Anti-addiction pill blunts craving

Seems to block release of certain brain chemicals

I don’t think naltrexone is a news to most of the people who read here… Here’s the article. 

And this is an enormous surprise:

Despite studies showing effectiveness, established rehab programs have been slow to adopt the use of medication. At Hazelden in Minneapolis, Minnesota, a small proportion of patients receive anti-addiction drugs, but medical director Dr. Kevin Clark says the traditional model — based on intensive therapy and the 12 steps popularized by Alcoholics Anonymous — is still best. “It is a disease of the brain, but it’s a multifaceted disease. It has a spiritual component, a behavioral component to it,” says Clark. “Our experience tells us that having the network of support and recovery is what really makes the difference.”

John Schwarzlose, executive director of the Betty Ford Center, echoes that but takes a more stringent approach. No patients at Betty Ford receive anti-addiction drugs as part of treatment, although a handful of long-time addicts may be referred to a prescribing physician once their stay is over. “Where we battle with [the National Institute on Alcoholism and Alcohol Abuse] is when they say we have trials of a new drug, and then proclaim this is a treatment for alcoholism,” says Schwarzlose. “They’re smart people, but they’re missing how complex this disease is.” Schwarzlose argues that Willenbring and Johnson are using the wrong measure of success. He says abstinence is the only true measuring stick — that an alcoholic who is drinking less is just at a way station on the road to relapse. “Naltrexone has reduced drinking, but once you’re addicted, there is no such thing as ‘OK’ drinking. This is one of those cases where there’s a real schism between the research and actual practice.”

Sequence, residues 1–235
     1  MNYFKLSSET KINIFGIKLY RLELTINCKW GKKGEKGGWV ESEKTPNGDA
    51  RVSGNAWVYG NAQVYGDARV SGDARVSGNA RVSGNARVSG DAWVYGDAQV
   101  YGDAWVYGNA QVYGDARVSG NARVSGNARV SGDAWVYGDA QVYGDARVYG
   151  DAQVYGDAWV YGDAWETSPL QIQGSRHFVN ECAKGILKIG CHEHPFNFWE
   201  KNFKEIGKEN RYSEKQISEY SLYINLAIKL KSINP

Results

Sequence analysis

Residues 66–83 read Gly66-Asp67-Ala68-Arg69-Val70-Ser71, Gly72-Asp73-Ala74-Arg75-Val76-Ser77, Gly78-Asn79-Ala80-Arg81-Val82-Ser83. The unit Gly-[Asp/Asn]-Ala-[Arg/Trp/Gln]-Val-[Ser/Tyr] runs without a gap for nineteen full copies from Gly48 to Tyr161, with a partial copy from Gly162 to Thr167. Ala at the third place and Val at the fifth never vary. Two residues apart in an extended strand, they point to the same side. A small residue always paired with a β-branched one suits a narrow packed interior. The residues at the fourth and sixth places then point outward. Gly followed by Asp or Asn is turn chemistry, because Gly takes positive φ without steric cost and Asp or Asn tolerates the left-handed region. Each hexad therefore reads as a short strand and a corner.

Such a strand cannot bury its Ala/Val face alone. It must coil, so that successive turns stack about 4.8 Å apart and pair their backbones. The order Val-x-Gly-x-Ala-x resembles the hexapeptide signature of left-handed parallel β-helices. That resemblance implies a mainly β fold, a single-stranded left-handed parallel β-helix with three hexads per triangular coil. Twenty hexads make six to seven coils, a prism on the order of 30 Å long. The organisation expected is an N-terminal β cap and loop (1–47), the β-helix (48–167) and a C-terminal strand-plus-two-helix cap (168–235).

This attitude frustrates Willenbring, who estimates that in the United States only one addict in 10 has even heard about medication options. “In most cases, the treatment is entirely nonmedical. Most people are not even told about the medications that are available for treating alcohol dependence, and I think that’s a crime.”

Now, I’m not a big cheerleader for pharma — companies that invent maladies that you never hear about, didn’t even know you had, until you hear about the brand new pill that will change your life.  But I find the unwillingness to explore, examine, and re-think approaches to addiction that have not been working, by self-righteous, 12-stepping know-it-alls, who utterly dismiss other options, discourage innovation, and withhold information from their clients, to be motivated by exactly the same kind of greed.

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